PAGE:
Astronomers have discovered 60 new planets beyond our solar system.

The international team, which includes Dr Mikko Tuomi from the University of Hertfordshire, found the new extrasolar planets orbiting stars close to Earth’s solar system.

The scientists also found evidence of a further 54 planets, bringing the potential discovery of new worlds to 114.

The team said the planets are in our “immediate solar system” and one in particular, Gliese 411b, is of particular interest.

Gliese 411b is a hot super-Earth with a rocky surface located in the fourth nearest star system to the Sun, making it the third nearest planetary system to the Sun.

The significance of its discovery demonstrates that virtually all the nearest stars to the Sun have planets orbiting them – planets like Earth.

The results, which are part of the Lick-Carnegie Exoplanet Survey, are based on observations taken over a 20-year period by American astronomers using the Keck-I telescope in Hawaii.

During that time, the team obtained almost 61,000 individual observations of 1,600 stars.

Dr Tuomi, who was the only European-based researcher working on the project, led the group's data analysis efforts that revealed the existence of the newly reported planets.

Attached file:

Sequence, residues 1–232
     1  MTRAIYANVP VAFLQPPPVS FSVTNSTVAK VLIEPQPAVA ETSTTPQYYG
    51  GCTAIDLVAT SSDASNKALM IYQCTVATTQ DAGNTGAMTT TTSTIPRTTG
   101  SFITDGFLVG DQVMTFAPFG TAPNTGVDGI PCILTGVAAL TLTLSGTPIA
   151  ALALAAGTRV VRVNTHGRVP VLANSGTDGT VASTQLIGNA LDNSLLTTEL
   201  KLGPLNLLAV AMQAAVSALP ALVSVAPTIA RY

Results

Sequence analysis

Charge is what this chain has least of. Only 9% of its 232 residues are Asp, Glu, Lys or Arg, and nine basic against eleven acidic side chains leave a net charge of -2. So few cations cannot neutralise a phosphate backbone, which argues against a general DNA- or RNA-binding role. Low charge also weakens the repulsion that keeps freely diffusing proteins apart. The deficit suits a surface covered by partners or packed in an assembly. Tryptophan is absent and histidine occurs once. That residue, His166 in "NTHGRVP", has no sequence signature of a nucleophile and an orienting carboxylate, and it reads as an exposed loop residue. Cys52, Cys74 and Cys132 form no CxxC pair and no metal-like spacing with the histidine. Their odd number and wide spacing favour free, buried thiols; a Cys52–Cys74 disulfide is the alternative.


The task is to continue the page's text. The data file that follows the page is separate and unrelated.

Dr Tuomi said: “It is fascinating to think that when we look at the nearest stars, all of them appear to have planets orbiting them.

“This is something astronomers were not convinced about, even as little as five years ago.

“These new planets also help us better understand the formation processes of planetary systems and provide interesting targets for future efforts to image the planets directly.”

The Lick-Carnegie Exoplanet Survey was started in 1996 by astronomers Steve Vogt and Geoffrey Marcy from the University of California, and Paul Butler from the Carnegie Institute of Science, in Washington.

Dr Butler said: "This paper and data release is one of my crowning achievements as an astronomer. 

"It represents a good chunk of my life’s work."

For over two decades, the Lick-Carnegie survey has steadily increased scientists’ understanding of planets beyond the solar system by enabling them to study the tiny wobbles of nearby stars, caused by orbiting planets.

Dr Tuomi said: “Keck-I telescope and its instruments have been wonderful tools in establishing the current consensus that virtually all stars have planets orbiting them.

“These new discoveries will further help us characterise the population of planets in the immediate solar neighbourhood.’"

The group's results were based on measuring small periodic changes in the target stars' colours, indirectly revealing the existences of the planets.

They detected the signatures of planets using the iodine cell radial velocity technique, which superimposes spectral lines from an iodine gaseous absorption cell onto the stellar absorption lines.

While the lines of the star move very slightly in response to orbiting bodies like planets, the iodine lines do not move, providing a precise reference point.